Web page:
(Bloomberg)—Japan’s economy expanded less than economists estimated in the fourth quarter, underlining the difficulty in stoking growth while export gains are undermined by weak investment and consumption at home.
Gross domestic product grew at an annualized 2.2 percent in the three months ended Dec. 31, the Cabinet Office said on Monday in Tokyo. The median projection of analysts surveyed by Bloomberg News was for a 3.7 percent increase. Nominal GDP, which is unadjusted for price changes, rose an annualized 4.5 percent from the previous quarter.
The softness of the rebound shows Prime Minister Shinzo Abe’s challenge to revive the world’s third-largest economy from two decades of stagnation. Wage rises and increased consumer spending are likely to be pivotal this year to spur activity beyond exports, where the lower yen has contributed to surging profits at companies like Toyota Motor Corp.
“Japan has clawed its way out of recession but we are looking for a modest acceleration in growth,” Izumi Devalier, an economist at HSBC Holdings Plc in Hong Kong said on Bloomberg TV. “This is not the picture of an economy that has a lot of spark behind it.”
The Japanese currency has weakened about 28 percent against the dollar since Abe took power in December 2012, helping boost exporters’ earnings. The drop in the yen has also increased import costs and bruised consumer sentiment.
Gross domestic product contracted by 6.7 percent in the second quarter and dropped a revised 2.3 percent in the following three months after the government raised the sales tax in April to help curb the world’s heaviest debt burden.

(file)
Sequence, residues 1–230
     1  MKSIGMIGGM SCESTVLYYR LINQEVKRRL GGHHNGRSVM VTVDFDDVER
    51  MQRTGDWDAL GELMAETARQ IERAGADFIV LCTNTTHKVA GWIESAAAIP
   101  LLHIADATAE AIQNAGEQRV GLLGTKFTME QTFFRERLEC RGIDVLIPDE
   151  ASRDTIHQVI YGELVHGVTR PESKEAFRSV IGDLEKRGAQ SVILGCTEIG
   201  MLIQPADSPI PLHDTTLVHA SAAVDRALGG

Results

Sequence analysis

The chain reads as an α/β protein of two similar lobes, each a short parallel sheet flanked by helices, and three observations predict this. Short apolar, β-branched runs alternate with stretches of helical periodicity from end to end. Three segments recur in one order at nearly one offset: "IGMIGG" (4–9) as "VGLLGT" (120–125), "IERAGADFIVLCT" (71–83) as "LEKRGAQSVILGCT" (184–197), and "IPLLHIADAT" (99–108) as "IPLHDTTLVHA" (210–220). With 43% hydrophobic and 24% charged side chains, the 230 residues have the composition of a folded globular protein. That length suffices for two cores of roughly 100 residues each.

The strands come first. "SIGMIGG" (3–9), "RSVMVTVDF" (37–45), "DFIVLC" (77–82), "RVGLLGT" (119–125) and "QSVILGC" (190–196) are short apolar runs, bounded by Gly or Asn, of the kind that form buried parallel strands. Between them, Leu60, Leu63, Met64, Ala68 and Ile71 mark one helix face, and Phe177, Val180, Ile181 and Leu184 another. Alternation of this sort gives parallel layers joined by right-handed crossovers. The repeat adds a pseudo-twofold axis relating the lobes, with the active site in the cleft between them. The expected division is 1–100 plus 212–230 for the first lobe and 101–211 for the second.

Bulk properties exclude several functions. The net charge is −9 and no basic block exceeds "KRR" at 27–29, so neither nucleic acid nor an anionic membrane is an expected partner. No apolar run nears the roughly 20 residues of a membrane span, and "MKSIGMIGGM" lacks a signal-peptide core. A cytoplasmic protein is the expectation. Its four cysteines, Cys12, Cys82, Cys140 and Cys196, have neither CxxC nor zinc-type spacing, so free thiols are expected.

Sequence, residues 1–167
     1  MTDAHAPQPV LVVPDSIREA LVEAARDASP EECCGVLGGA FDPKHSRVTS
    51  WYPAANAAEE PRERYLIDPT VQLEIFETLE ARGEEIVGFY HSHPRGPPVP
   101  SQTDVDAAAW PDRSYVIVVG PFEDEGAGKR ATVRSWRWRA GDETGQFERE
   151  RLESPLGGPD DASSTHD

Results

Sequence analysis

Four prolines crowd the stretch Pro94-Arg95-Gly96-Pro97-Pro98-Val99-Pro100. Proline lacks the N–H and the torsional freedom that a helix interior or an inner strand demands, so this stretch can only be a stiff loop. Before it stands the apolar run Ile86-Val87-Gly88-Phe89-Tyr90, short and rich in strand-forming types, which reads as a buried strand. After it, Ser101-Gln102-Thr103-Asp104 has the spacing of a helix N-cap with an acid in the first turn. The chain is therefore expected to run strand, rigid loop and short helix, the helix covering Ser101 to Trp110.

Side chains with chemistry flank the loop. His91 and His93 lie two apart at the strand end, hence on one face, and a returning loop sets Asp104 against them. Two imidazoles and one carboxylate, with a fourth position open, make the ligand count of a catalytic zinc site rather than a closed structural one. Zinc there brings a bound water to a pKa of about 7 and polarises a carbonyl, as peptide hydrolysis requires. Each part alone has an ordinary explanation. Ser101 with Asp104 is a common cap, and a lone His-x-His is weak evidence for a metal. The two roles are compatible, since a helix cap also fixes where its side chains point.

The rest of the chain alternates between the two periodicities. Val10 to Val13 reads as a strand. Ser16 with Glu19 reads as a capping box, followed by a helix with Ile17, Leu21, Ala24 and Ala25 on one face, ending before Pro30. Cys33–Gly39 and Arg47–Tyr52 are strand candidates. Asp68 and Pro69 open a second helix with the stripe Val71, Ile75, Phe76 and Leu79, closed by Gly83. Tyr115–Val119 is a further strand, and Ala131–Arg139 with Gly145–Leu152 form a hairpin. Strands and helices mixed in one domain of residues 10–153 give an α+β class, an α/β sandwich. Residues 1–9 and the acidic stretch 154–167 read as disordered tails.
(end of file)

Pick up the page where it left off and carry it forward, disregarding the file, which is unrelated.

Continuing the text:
The currency advanced 0.1 percent to 118.67 versus the dollar at 9:09AM in Tokyo. The Topix share index rose 0.5 percent.
Private consumption rose 0.3 percent from the previous three months, compared with a revised 0.3 percent increase in the third quarter, today’s report showed.
Business spending gained 0.1 percent, compared with a revised 0.1 percent decline in the previous quarter, the data showed.
Net exports, or shipments less imports, contributed 0.2 percentage point to GDP growth.
Nissan Motor Co. raised its full-year profit forecast this month, citing the yen and U.S. deliveries. Toyota has said it may have a record profit of more than 2.1 trillion yen for the 12 months ending in March.
The Bank of Japan last month raised its growth forecast to 2.1 percent for the fiscal year starting in April, with Governor Haruhiko Kuroda saying slumping oil prices will boost growth.
Kuroda also said the drop in oil could delay inflation reaching the BOJ’s 2 percent target next fiscal year, and some economists see a risk of prices falling briefly this summer.
While the Bank of Japan is projected by economists to boost stimulus later this year, some officials inside the central bank think further monetary easing to shore up inflation would be a counterproductive step for now, according to people familiar with the talks. They are concerned it could trigger declines in the yen that damage consumer confidence.